“The doctrine of the sacredness of the soul sounds vaguely uplifting, but in fact is highly malignant. It discounts life on earth as just a temporary phase that people pass through, indeed, an infinitesimal fraction of their existence. Death becomes a mere rite of passage, like puberty or a midlife crisis.
“The gradual replacement of lives for souls as the locus of moral value was helped along by the ascendancy of skepticism and reason. No one can deny the difference between life and death or the existence of suffering, but it takes indoctrination to hold beliefs about what becomes of an immortal soul after it has parted company from the body.”
–Steven Pinker, The Better Angels of Our Nature: Why Violence Has Declined (New York: Viking, 2011), p. 143. Continue reading →
In a recent post titled “Down the Creationist Rabbit Hole,” I remarked that I grew up creationist and later changed my mind due to the evidence in favor of evolution. Regarding the difficulty of getting people to seriously consider evidence, a commenter replied,
I wish it was just a matter of presenting the evidence and waiting for it to sink in for most people; unfortunately, this doesn’t seem to be the case. I do understand that nobody wants to look like a fool and nobody wants to lose face while debating, but it seems like people should eventually let other superior opinions seep in and change their mind… perhaps I’m being to idealistic.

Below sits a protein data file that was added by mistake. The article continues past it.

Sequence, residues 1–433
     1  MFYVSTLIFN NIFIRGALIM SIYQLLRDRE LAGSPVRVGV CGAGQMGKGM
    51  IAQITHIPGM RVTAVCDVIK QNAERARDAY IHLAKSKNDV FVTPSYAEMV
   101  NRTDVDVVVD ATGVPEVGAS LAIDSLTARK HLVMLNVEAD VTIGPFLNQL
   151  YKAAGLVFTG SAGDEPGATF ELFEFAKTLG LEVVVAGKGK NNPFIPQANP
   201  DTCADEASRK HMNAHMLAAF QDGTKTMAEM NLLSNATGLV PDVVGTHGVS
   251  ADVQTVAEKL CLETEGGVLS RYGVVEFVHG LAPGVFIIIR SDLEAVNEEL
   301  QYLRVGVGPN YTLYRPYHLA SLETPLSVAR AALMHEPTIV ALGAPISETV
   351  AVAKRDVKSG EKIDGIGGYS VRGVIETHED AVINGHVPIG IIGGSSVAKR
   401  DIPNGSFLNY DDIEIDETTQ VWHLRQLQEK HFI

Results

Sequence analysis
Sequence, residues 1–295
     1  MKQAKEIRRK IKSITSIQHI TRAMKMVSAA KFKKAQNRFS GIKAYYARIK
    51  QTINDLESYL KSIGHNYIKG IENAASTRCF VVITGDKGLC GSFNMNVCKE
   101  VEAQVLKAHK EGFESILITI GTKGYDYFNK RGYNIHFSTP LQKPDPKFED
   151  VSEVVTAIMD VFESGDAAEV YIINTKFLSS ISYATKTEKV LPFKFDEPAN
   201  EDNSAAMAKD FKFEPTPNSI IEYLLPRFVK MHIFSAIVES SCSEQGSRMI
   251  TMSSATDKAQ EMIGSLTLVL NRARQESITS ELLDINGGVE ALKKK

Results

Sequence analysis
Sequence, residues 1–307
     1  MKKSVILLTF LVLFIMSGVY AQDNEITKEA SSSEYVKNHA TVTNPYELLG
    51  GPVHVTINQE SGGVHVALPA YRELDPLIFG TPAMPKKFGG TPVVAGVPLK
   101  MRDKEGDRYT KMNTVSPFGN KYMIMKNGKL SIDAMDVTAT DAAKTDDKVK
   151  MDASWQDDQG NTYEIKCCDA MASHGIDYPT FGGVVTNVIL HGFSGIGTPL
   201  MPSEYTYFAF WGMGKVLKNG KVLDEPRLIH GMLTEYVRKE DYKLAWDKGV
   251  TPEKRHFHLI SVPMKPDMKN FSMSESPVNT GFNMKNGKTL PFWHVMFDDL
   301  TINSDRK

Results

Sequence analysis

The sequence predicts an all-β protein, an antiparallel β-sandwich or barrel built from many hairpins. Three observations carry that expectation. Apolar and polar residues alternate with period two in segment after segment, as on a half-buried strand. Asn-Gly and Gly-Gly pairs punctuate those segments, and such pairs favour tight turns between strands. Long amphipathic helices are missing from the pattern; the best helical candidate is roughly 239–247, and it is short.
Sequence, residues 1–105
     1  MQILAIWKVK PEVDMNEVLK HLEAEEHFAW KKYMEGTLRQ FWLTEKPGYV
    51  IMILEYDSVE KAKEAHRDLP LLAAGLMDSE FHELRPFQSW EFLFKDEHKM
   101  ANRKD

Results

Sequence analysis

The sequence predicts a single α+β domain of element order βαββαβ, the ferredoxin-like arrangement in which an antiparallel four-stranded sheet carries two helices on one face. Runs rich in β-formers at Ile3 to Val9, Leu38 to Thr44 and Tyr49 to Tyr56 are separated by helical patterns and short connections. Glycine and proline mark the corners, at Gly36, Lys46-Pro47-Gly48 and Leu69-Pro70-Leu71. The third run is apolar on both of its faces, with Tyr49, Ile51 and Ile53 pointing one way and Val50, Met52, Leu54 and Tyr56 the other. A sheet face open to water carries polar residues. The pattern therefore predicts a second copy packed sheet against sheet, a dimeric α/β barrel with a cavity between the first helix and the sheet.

And why is that so rarely the case? We can talk about cognitive dissonance or the theological implications of evolution (for one thing it makes nonsense of Paul’s main argument for the necessity of the atonement; see Romans 5:12 and following–meaning that there’s a whole worldview at stake for believers who know their Bible), but another big part of it is that in our culture, changing one’s mind is seen as a sign of weakness and unsteadiness. And the bigger the issue, the more the change bothers other people.
Christian apologists must be getting lazy not to notice the big, fat, atheist-bashing rhetorical club that certain leading atheists are constantly offering them. I’m talking about the awful ways that some people talk to (and about) each other.
You. You are the Pretentious Ape, you silly human, you.
OK, me too. All of us.
In naming this blog, I was partly inspired by John Janovy, a biologist at the University of Nebraska, who wrote:
A human being is, in the final analysis, an ape that tells stories, only a fraction of which are true, then acts on the lessons of those stories regardless of their veracity. (Pieces of the Plains, 2009, p. 158)
But I thought a blog called “The Storytelling Ape” might lead to disappointed parents and children coming in from Google and expecting some virtual gorilla to tell them stories. (What a blog that would be! What wonderful stories might an ape tell? So much better than, say, dog stories, which would mostly be about chewing things and getting toys stuck under the couch.) Continue reading →